Always facetious, playing on opposites, she transforms a detail stemming from military wear into a much more innocent accessory, the removable Peter Pan collar. For Winter 1936, it’s drawer-pockets created with Salvador Dali to enhance suits that positions this uncommon designer in the surrealist world. From 1935 to 1937, she transforms her long morning coat with a military touch, recognizable from far away thanks to its golden snail-shaped buttons into a « Persian » or « Maharaja» sprit, according to the Vogue of that period, ornamented with trompe-l’œil jewel buttons and rich embroideries in the Louis XV style. These were to be one of the fetish pieces of pre-war fashionistas.
Constant renewal, exploring, launching new trends remains the ongoing concern of Elsa Schiaparelli. Thus, in 1936, she shortens evening dresses and stops the hem at 25 centimeters from the ground.
A little revolution in the totally codified wardrobe style of that era. Before the dark days of the upcoming war, these dancing dresses with waists cinched by a glass belt were ideal for waltzing.
This desire of lightness also expresses itself that year through a butterfly print, probably inspired by a photo by Man Ray from the same period, one of the greatest successes of Elsa Schiaparelli in Paris, but also on the American market where she was already quite well-known. The more the world darkens, the more Schiaparelli offers an alternative to the anxiety prevailing in Europe with themes that bring joy to her collections and boost the morale of women. Thus, the Circus wardrobe of 1938 coincides with the International Exhibition of Surrealism and allows her to come out with a great number of wardrobe inventions.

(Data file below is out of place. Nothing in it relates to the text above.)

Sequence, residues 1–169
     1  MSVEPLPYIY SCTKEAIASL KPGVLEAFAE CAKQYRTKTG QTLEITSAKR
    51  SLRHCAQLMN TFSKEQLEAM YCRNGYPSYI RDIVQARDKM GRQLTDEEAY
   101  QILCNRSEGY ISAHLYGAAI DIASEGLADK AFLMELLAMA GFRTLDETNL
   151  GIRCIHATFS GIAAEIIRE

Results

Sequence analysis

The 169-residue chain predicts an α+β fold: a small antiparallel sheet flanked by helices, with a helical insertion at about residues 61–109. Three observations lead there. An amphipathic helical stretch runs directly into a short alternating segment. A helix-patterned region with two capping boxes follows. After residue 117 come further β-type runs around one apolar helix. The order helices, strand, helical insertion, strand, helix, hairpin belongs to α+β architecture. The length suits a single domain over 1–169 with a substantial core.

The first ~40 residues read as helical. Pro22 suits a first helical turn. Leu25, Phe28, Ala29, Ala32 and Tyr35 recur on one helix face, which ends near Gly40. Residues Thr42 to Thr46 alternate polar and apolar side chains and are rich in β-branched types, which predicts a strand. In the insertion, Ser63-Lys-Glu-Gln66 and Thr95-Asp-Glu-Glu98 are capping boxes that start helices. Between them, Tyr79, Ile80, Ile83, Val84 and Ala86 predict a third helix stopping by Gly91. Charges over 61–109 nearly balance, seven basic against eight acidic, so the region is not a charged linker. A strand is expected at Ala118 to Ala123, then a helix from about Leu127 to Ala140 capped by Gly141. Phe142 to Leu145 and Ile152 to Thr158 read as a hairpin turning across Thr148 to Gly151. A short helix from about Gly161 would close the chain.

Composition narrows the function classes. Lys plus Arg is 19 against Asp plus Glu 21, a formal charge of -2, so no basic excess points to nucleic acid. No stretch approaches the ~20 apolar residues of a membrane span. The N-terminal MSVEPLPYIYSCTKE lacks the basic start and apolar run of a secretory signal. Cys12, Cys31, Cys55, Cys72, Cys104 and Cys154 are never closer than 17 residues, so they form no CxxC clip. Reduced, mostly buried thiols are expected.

Balloons, small animals, childish drawings… all seem gathered in a joyful topsy-turvy universe that has already made Helena Rubinstein an unconditional fan. Botticelli or the astrologists --in homage to her dear uncle, astronomer Giovanni Schiaparelli-- will also be part of her fantasy couture, signature style of this grand Lady who seems to concentrate all on her own the imaginary that lacks in Parisian fashion. In 1939, while Europe is dancing on a hotbed about to explode, it’s the theme of music boxes that encourages Elsa Schiaparelli to conceive musical clothing.